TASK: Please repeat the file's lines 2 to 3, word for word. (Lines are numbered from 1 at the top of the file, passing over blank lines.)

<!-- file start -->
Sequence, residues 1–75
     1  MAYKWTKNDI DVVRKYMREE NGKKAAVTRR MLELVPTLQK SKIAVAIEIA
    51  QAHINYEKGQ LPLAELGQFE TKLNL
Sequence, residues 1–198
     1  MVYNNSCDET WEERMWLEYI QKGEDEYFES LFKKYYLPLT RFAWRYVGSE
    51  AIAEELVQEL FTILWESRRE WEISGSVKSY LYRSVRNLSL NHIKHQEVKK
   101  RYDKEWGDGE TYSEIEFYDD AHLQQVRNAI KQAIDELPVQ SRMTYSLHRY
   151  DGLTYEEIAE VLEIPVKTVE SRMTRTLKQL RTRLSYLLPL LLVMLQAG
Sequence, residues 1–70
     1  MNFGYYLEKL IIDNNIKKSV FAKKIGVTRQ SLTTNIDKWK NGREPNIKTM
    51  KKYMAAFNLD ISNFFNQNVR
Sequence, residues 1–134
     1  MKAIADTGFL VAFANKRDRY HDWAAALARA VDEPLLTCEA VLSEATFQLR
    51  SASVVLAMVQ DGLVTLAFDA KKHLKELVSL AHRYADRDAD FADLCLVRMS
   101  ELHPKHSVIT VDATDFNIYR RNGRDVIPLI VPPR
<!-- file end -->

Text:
     1  MAYKWTKNDI DVVRKYMREE NGKKAAVTRR MLELVPTLQK SKIAVAIEIA
    51  QAHINYEKGQ LPLAELGQFE TKLNL